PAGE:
Although Social Security is like a big black hole never satisfied with the current federal funding, 42 Democrats planned in March to beef up benefits.
Luckily, the Republicans stepped in and didn’t allow the Democratic senators to pass a resolution that would have thrown America’s Social Security system into an even deeper crisis.
But the late-March proposal shows a mind shift of the Democratic liberal wing. Seemingly, liberals now prefer to become more offensive on the issue than sitting back on the sidelines as they did for years.
Still, they have a point since pension plans have disappeared from the private sector, Americans aren’t good savers especially for their pensions, while America’s retirement system struggles with a $4.1 trillion savings deficit.
So, making a savior out of Social Security may seem the best solution to these problems. Yet, politicians know that that would be only a short-term fix since Social Security is slowly but steadily going down the drain. If the situation persists, estimates show that by 2033 people contributing to the system will face a 23 percent benefit cut.
Although that gap could be fixed through a well-chosen mix pf benefit cuts, tax increases and a belated retirement age, Senate Democrats seem to be sick and tired of this pain stacking planning. They currently plan to raise social security benefits in the old fashion way by increasing the payroll-tax and expand it to incomes above $118,500.
Congress current strategy is to get people paying more taxes if they want higher benefits. This strategy also prevents the emergence of wealthy retirees, although it bites into Social Security’s political support.
Moreover, increasing payroll-tax does not fill the deficit gap since people will be entitled to higher benefits. So, we would not solve the problem in the next decade.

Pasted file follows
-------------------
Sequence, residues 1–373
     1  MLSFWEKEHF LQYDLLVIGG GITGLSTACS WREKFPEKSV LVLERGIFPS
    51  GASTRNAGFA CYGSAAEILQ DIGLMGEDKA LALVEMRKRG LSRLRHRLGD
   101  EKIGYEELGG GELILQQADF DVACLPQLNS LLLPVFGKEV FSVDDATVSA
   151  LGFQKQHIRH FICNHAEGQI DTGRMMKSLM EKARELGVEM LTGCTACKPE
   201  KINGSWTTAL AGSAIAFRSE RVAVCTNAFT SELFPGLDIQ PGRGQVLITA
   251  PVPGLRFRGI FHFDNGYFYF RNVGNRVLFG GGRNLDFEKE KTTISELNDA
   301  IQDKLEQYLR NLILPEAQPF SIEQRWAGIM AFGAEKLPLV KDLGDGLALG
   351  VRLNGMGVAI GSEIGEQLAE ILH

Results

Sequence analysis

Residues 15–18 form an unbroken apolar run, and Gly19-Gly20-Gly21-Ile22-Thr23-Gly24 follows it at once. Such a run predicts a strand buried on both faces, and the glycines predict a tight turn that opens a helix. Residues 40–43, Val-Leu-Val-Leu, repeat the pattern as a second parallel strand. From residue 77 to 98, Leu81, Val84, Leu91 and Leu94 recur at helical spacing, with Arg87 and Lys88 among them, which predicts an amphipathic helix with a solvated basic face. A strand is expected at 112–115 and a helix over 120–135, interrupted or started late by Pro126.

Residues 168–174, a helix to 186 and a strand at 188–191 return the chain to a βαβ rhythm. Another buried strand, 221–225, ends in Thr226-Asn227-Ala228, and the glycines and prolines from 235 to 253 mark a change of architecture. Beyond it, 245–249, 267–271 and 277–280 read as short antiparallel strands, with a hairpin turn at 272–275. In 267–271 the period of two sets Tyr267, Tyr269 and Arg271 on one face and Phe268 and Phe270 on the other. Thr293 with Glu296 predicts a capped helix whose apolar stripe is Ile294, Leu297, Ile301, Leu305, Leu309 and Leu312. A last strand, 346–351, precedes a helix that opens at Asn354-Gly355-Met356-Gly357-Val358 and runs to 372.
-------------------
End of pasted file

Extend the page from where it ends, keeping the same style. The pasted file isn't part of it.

Edward Lorenzen from the Committee for a Responsible Federal Budget criticized the Democratic senators’ resolution. He said that the move neither made the program sustainable nor protected “vulnerable retirees,” as it was supposed to.
But increasing taxes for higher-income employees and granting them higher benefits should not be a priority to education, pediatric health care, or scientific research, Mr. Lorenzen argued. It’s all about priorities, he added.
And Democrats usually agree with these points, but Sen. Elizabeth Warren, who sponsored the resolution, said that Social Security was a crucial issue for her party.
“What we’re seeing is a product of years of frustration on the part of liberals, who have been sitting on the sidelines when the issue of entitlements has been discussed,”
argued Steven Smith a political science expert and professor at Washington University.
Prof. Smith also said that Democrats’ current offensive targeted Republicans, but also moderate Democrats, such as Hilary Clinton, that had turned to several compromises when entitlements were discussed.
Also, Prof. Smith thinks that hot issues such as social inequality and retirement income gap will be used by the Democrats in the primary. However, good politics does not equate good policy since we must make sure that we can sustain the current benefits before even thinking about raising them.
Image Source: Rutter Mills